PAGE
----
A journey to the organic state of India is an experience that remains etched for a very long time. While the capital city of Gangtok represents the varied culture of the state while a trip to its northern region gives you a peek into the original tribes of Sikkim. Experience the monasteries and the Buddhist culture of the region while being mesmerised by the stunning landscape of the pristine land of Lachung. Spend your last couple of the days in the evergreen Darjeeling breathing the tea-infused air and soaking the beautiful sights.
Arrival in Gangtok
Pristine mountain air in an ever- growing capital, Gangtok has everything from monasteries and orchids to handicrafts, quaint pubs and packed casinos. Tok means temple here in Sikkim, and there are numerous temples to visit here. Make time for the Ganesh Tok, beside the Himalayan Zoological Park, with gently fluttering prayer flags and Hanuman Tok near the army division for spellbinding views of the Kanchenjunga. No trip to Gangtok is complete without a mandatory visit to Do Drul Chorten and its innumerable prayer wheels. Look out for lovely views on the ropeway from Deorali market to the secretariat and back.
Spend the evening strolling down MG road for those lovely souvenirs before you set off for a first-hand experience of Gangtok’s slow nightlife.
Tsomgo Lake and Baba Mandir
About 40 kilometres from Gangtok, Tsomgo Lake is perfection in itself at over 12000ft above msl. As with most lakes in Sikkim, legendary Tsomgo is considered sacred with legends of Buddhist monks predicting the future according to its colour. Look out for the numerous migratory birds, Brahmini ducks as well, when you’re here. Make time for a visit to Baba Mandir close by, a shrine to a fallen Indian soldier who is known to still look out for his own here. If you have the time, you could go on to Nathu La Pass to China, about 20 kilometres away.
Gangtok to Lachung
Post breakfast, take a long drive up north to the village of Lachung. Beautiful waterfalls and quaint villages dot the way to the village. After about 6 hours of drive, you reach Lachung. You can explore this beautiful village inhabited by the Lepcha tribe. An elevated village sprawling with spectacular waterfalls and orchards, this tiny little gem of a place lies on the banks of the river, Lachung Chu. You could fall for the juicy apples, peaches and apricots here, or just revel in the sight of snow-capped roofs amidst an abundance of Rhododendron trees; something very much like what you’d see on a postcard.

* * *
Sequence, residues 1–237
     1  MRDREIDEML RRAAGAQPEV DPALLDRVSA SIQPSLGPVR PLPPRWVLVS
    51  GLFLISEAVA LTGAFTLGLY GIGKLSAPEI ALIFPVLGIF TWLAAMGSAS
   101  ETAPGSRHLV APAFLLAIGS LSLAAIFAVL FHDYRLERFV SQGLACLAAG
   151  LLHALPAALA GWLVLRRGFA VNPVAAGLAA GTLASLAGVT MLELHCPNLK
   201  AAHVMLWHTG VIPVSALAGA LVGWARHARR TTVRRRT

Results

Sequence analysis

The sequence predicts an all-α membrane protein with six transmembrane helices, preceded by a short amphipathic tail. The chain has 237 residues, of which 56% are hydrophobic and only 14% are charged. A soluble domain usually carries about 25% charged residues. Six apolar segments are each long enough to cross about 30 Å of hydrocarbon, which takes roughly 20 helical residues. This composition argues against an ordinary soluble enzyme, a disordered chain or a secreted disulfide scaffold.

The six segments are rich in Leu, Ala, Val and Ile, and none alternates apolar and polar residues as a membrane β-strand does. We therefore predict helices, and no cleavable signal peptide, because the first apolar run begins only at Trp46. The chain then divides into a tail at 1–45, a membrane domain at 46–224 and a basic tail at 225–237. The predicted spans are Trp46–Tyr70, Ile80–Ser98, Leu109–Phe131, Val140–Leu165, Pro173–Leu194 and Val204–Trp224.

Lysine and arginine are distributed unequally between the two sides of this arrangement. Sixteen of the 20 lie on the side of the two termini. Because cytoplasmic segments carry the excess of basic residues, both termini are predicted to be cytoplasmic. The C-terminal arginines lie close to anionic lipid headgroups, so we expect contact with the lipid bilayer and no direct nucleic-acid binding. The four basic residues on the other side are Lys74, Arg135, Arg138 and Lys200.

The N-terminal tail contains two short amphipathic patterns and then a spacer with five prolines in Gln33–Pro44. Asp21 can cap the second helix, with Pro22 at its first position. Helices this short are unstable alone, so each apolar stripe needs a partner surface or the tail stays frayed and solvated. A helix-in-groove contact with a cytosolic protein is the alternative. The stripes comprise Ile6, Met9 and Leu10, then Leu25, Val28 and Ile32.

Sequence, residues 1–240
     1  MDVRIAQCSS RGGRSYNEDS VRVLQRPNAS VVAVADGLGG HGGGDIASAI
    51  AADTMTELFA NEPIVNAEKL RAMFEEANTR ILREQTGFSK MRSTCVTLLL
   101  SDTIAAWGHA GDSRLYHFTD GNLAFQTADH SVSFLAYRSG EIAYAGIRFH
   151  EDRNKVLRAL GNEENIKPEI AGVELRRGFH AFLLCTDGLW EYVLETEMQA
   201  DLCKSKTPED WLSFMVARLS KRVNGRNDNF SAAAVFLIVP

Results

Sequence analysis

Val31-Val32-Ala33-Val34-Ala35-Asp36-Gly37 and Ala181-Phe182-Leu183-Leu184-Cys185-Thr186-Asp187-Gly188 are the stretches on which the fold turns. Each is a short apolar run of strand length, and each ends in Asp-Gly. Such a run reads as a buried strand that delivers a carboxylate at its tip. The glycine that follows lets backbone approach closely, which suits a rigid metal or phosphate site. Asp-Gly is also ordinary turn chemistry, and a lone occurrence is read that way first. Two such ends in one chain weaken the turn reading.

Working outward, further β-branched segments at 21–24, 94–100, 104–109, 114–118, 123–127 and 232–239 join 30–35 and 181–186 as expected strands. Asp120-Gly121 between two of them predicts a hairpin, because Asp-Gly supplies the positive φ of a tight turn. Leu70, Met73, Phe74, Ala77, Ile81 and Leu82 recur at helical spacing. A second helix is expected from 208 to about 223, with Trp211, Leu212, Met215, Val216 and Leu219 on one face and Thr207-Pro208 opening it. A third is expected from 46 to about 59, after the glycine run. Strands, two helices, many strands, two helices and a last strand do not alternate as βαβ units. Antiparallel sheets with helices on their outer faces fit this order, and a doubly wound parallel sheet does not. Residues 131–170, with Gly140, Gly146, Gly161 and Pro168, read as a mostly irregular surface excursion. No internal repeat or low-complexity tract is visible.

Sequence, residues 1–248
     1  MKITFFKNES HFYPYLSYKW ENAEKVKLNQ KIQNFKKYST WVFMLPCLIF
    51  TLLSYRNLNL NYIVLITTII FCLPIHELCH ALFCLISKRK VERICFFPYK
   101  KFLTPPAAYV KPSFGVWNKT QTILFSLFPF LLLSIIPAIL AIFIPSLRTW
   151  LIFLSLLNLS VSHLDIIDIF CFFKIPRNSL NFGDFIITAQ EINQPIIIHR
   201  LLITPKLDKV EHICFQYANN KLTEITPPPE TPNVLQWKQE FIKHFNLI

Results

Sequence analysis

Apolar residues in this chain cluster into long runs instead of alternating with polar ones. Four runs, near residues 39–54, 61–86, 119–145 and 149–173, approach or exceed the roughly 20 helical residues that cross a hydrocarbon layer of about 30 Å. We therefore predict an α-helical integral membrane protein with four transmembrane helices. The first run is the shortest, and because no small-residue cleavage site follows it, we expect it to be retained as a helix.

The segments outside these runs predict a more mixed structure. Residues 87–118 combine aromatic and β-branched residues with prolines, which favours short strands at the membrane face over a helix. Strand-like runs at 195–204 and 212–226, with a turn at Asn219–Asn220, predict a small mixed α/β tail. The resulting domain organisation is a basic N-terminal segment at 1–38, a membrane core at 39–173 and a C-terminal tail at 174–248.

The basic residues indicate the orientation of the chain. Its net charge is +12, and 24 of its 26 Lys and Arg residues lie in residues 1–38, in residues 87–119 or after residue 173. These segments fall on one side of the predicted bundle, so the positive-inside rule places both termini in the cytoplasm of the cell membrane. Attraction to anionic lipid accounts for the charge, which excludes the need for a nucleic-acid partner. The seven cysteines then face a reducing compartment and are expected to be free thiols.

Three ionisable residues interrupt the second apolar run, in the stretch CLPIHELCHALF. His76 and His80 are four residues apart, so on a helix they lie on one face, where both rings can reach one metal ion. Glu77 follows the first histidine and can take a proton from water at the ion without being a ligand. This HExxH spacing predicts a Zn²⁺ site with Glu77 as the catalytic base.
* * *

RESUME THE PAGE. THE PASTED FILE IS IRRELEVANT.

Lachung – Yumthang Valley – Lachung
Despite the allure of Lachung, the highlight though is the breath-taking Yumthang valley. An explosion of colour painted across a snow covered canvas as a plethora of alpine flowers bloom in the shadow of majestic mountains giving you a truly surrealistic experience. Yumthang is the summer grazing grounds of the Yaks. On the way back visit the Sulphur Hot Spring, considered to have medicinal properties.
Lachung to Gangtok
Time to leave this beautiful village and head back towards Gangtok. On the way stop at the beautiful Twin Falls and click some pictures. The Bhim Nala is also a good spot to some time.
You can explore the city streets at your leisure while in Gangtok.
Gangtok to Darjeeling
Around 4 hours drive from Gangtok will lead you to Darjeeling. Rolling hills of lush green tea gardens with spectacular views of Mount Everest, the nearly 4-hour-drive to Darjeeling is worth every minute. Drive along beside the renowned World Heritage Darjeeling Himalayan Railway that has attracted everyone from Sharmila Tagore (think ‘mere sapno ki rani’) to Wes Anderson’s Darjeeling Limited. Spend your evening window shopping on Hill Cart Road and make time for a bite at Glenary’s Bakery at the mall.
Leave early, if the weather Gods keep smiling, around 4 am to drive through primitive forests of oak and magnolia for the spectacular sunrise from Tiger Hill over Kanchendzonga Peak. Stop over at towering Ghoom Monastery, Peace memorial and Batasia Loop’s quaint spiral train track with impeccably manicured gardens on your way back for breakfast.
Head over what is probably India’s highest Zoo. Well maintained and clean, the the Padmaja Naidu Zoological Park is home to the red panda and the snow leopard as well. Visit the Himalayan Mountaineering Institute (closed on Thursdays), Ropeway and Tensing Gumpo Rock. Visit a local Tea Estate for a crash course on how those fascinating cups of tea come to be. The Tibetan Refugee Self Help Center and Natural History Museum are closed on Sunday. Stroll through Chowrasta later in the evening for those handicrafts and hot steamed momos at Kunga.
This tryst with green hill-stations and the quaint villages comes to an end as you make your way to the airport – with lots of pictures and a bagful of memories.